This week we’re looking at seafood, ground beef, and chicken thigh recipes.
This week we’re looking at seafood, ground beef, and chicken thigh recipes.
Sometimes you just get the weirdest cravings…I probably haven’t had tuna casserole in 30 years, but today, out of the blue, I just had to have some. I looked up Mom’s old recipe (ie: The Betty Crocker Cookbook) made a few upgrades, and whipping up a VERY tasty one-pan dinner.
Very nice on a cold, rainy night!
Here you go, Joella!
1 (12 ounce) package egg noodles
1/4 cup sweet onion, chopped
1 cup shredded Cheddar cheese (I like Cabot’s), divided
1 cup shredded Grueyre cheese
2 cups frozen sweet green peas
1 lb home-canned tuna (Or, if you must, 3 (6oz) cans, drained)
12 oz. homemade cream of mushroom soup, reduced (it’s super easy, here’s the first step) or 2 cans condensed cream of mushroom soup
1 cup unseasoned breadcrumbs, or, for hardcore comfort-foodiness, crushed Ritz Crackers.
1 tsp garlic powder
1 tsp. chili powder
1 tsp. sweet paprika
2 tsp. black pepper
Preheat oven to 425 degrees F (220 degrees C).
Cook pasta in a large pot of salted water for 8 to 10 minutes, or until al dente; drain.
In a small bowl, toss breadcrumbs, half of each cheese, chili powder, garlic powder, black pepper, and paprika. (You can take this up a notch, btw, if you’re making your own mushroom soup, roast some peeled fresh garlic along with the ‘shrooms. Add these into the next step.)
Thoroughly mix cooked noodles, onion, remaining cheese, peas, tuna, and soup. Transfer to a 9×13 inch baking dish, and top with breadcrumb/cheese mixture.
Plus, you’ll be helping us teach nutrition, shopping, and hands-on cooking classes to at-risk kids, in our MY KITCHEN Outreach Program.
Bake for 15 to 20 minutes in the preheated oven, or until breadcrumbs are golden brown.
A casserole is basically just a very thick stew, and like a stew, it gets better with a little time. I like to make mine the day before, or let it rest at least an hour before serving. For the day before preparation, let the cooked casserole cool to room temp before you wrap it that. This keeps the breadcrumbs from getting mushy from condensation.
Serve with a fresh green salad, and enjoy!
~ Chef Perry
My old pal Megan, freshly returned from a recent European jaunt, asks:
“Two things, on searching for shawarma here in Portland, I found a restaurant that sold shawarma but in parentheses labeled it gyros. Are they the same thing? And do you know where I can get some good shawarma?”
(BTW – your timing is perfect, Megan, as we’ve just posted not one, but TWO gyros recipes:
Both were derived in the 18th or 19th century from the Turkish Doner Kebab. Doner (rotating) and Kebab (grilled meat.)
When it was introduced to Greece, they named it “gyros,” Greek for “turn.” When it arrived in the Middle East, it was translated into the Arabic word for turning, “shawarma.”
In Greece the meat is typically pork, lamb, or beef, while the Middle Eastern version, not surprisingly, is never pork, but can be lamb, beef or chicken. In America, the meat is often a combination of beef & lamb.
The three major differences:
1. The Flavors
Gyros will have a more “Mediterranean” selection of herbs (oregano, marjoram, thyme, rosemary), while shawarma, not surprisingly, leans towards the “middle eastern” spice wheel (cardamom, allspice, cinnamon, cloves, coriander seed, turmeric.)
Either may have cumin, or pepper, and they’ll both will certainly have garlic.
2. The Meat
Besides the spices, is the form of meat. The meat for a gyro is a ground blend, usually some combination of lamb and beef, formed into a loaf before roasted on a spit. The shawarma meat cone is made from packed-down slices of marinated meat—often chicken, sometimes lamb, and occasionally even goat.
Lastly, gyros are typically topped with onion, tomato, and tzatziki—a cold sauce made of strained yogurt, cucumbers, garlic, salt, olive oil. Schawarma, on the other hand, has a more diverse salad-bar,including tahini, tabbouleh, fattoush, cucumber, and hummus…but no tzatziki.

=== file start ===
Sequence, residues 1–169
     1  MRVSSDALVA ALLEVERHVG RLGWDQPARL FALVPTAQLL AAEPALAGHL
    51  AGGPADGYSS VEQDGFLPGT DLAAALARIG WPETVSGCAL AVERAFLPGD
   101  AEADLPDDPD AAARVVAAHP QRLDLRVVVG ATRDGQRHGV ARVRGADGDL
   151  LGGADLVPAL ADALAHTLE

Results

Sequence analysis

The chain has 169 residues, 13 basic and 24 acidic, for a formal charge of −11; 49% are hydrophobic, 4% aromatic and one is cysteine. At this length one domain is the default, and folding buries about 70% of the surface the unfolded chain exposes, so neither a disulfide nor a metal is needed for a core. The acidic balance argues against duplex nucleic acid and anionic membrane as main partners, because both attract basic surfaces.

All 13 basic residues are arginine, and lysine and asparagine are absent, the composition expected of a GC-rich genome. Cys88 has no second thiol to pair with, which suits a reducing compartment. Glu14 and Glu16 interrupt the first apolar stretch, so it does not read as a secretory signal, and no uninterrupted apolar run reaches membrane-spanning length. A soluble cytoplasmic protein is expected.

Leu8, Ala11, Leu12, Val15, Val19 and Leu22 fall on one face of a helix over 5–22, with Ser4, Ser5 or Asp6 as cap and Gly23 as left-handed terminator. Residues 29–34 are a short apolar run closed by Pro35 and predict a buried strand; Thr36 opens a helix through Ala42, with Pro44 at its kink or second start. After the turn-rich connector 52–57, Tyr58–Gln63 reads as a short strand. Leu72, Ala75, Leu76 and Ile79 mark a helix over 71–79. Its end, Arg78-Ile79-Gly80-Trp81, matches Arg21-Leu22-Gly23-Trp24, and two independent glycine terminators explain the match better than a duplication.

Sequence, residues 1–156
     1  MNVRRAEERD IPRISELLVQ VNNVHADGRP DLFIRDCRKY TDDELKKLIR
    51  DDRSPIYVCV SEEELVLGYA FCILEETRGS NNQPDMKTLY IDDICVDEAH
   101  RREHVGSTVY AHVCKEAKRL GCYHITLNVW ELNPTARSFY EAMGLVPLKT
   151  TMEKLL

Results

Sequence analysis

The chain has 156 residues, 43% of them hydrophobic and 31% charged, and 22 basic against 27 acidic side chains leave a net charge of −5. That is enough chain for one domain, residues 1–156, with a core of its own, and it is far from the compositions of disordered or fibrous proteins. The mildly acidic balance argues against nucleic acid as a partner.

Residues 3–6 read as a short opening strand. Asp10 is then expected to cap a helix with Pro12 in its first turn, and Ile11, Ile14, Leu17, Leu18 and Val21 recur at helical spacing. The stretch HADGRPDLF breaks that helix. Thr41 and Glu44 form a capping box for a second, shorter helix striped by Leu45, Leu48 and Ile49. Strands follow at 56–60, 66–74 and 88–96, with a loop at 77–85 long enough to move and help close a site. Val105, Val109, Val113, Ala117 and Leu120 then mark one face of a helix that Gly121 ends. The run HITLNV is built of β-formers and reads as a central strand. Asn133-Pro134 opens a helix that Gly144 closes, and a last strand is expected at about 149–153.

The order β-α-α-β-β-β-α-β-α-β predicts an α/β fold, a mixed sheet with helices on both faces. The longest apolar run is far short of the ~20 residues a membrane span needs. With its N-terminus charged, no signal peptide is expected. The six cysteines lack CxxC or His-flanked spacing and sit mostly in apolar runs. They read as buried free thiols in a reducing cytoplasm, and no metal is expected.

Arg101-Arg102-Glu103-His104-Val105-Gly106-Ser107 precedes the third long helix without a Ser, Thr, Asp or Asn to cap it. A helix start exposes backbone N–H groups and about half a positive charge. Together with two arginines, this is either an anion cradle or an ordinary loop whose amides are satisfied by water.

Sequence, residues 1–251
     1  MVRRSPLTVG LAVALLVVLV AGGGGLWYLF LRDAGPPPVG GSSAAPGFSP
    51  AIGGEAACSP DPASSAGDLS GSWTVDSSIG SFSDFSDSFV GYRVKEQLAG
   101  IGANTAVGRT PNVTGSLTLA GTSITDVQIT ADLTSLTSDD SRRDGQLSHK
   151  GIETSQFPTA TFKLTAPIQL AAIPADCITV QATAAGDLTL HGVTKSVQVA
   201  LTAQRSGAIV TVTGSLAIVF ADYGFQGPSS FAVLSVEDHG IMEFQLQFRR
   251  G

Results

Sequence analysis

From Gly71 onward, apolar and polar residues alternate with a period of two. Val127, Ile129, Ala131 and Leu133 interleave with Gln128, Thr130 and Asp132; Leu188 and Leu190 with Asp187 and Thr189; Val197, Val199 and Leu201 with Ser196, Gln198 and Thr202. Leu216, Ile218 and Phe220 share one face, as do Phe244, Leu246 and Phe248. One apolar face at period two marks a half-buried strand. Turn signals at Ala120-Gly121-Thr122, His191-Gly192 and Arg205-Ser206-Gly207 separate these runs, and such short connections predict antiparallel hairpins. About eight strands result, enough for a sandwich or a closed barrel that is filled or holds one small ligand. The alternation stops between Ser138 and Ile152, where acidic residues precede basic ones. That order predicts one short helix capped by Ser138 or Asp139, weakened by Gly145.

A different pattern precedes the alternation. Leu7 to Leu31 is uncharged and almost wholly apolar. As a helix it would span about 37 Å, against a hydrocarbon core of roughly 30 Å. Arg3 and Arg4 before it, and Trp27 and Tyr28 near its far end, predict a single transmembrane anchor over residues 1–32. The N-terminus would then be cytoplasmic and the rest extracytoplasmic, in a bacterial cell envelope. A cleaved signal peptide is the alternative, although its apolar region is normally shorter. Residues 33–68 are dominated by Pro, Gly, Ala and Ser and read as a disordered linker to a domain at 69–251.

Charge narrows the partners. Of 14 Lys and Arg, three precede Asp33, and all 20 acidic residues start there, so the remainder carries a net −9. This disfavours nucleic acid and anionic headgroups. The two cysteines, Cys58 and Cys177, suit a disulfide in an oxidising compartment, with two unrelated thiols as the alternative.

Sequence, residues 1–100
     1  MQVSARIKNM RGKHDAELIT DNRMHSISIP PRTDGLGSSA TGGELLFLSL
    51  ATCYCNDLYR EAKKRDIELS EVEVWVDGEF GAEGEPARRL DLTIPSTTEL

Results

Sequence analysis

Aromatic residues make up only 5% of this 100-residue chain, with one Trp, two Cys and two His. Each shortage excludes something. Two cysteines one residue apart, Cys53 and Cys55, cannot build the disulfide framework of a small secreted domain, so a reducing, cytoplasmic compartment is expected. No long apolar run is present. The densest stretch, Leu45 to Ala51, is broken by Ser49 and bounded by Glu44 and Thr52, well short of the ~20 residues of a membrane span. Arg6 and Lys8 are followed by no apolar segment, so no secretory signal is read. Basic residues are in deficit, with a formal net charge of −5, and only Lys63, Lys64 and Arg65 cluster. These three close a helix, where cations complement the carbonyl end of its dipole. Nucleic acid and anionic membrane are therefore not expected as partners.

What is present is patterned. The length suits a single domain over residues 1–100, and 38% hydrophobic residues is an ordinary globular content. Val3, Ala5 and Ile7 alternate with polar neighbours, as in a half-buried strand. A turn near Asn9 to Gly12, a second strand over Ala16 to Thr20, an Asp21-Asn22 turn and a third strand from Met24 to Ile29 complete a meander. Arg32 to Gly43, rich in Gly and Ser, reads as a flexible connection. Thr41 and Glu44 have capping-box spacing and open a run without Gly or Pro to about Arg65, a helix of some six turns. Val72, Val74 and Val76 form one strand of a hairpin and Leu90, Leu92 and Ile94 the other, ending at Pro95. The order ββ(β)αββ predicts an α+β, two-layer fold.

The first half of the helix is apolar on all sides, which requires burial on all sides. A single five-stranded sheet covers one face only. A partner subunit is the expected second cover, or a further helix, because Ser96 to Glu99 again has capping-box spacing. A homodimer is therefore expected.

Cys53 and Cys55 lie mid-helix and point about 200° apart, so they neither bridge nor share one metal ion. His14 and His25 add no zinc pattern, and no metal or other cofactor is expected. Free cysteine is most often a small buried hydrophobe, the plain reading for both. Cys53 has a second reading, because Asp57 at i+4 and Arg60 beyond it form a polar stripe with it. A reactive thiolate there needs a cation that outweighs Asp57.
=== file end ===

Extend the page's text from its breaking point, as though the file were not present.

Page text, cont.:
I love them both!
As for my favorite spot, that’s easy, my #1 for all Middle Eastern foods is Wilsonville’s Dar Essalam Moroccan Restaurant. (The apricot lamb-shank tagine is to die for, as well!)
I love Cabot cheese. I think you KNOW that I love Cabot cheese.
As a member of their “Cheese Board” (get it?) I get regular deliveries of cheesy goodies on my doorstep. Which, let’s face it, is pretty freakin’ awesome.
Recently, this box from Heaven contained a cheese I hadn’t tried before. A “Tomato-Basil” Cheddar.
Now, another thing I love is all things caprese (tomato/mozzarella/basil), so when I saw this lovely block of white cheddar labeled “Tomato-Basil”, it didn’t event require a second thought…
What could possible be better for the Ultimate Caprese Grilled Cheese Sandwich?
Yeah, it rocked.
Oh, and if you can find this “Everything” Italian bread…it was amazing!
MY KITCHEN Outreach Program
The Ultimate Caprese Grilled Cheese Sandwich
4 thick slices of rustic artisan bread (your choice)
3.5 oz Cabot Tomato Basil Cheddar Cheese (sliced ½ inch thick)
1 firm beefsteak tomato, sliced
10 fresh basil leaves, roughly chopped
1-2 Tbsp. butter, melted
Coarse sea salt, to taste
Brush each sliced of bread (both sides) with a little olive oil.
Layer 2 pieces of the bread with cheese slices and chopped basil.
Pre-heat a nonstick pan over medium-low heat, and drizzle with a melted butter. Grill sandwiches until golden brown, add tomato, and sprinkle with coarse sea salt, to taste.
Top both pieces with remaining bread, flip and grill until cheese has melted.
DO NOT cover the pan with a lid to melt cheese, it will make your bread soggy!
To serve, cut in half and serve hot, maybe with a drizzle of reduced balsamic vinegar.
Working with Krusteaz to promote “Breakfast Night” and I just got my gift pack in the mail, woo-hoo! We will be offering a reader giveaway for a similar gift pack directly from the fine folks at Krusteaz.
That’s where I need YOUR help. What kind of contest should we have? Best pancake photos? Most unique use of pancake mix? Best topping recipe? Best pancake story?
What do you think?
Deviled eggs are one of the great comfort foods of my youth. Growing up in a Southern family, everybody made deviled eggs, and every party or family gathering had several platters of these beauties, each one some aunt or cousin’s “secret” recipe.
My mom, of course, made the best deviled eggs ever: heavy on the mustard, light of the relish.
Southern-style deviled eggs are, classically, filled with nothing more than egg yolks, mayonnaise, mustard and sweet pickle relish.
For this recipe I’ve omitted the relish. The hot, savory note of El Diablo Steakhouse Mustard creates a completely unique, amazingly delicious flavor and what is, easily, the best “devil egg” I’ve ever had (and again, I am a total deviled egg slut!) The title is my play on “El Diablo.”
In El Diablo’s own words, “Bold flavors. Great Taste. Hot as Hell.”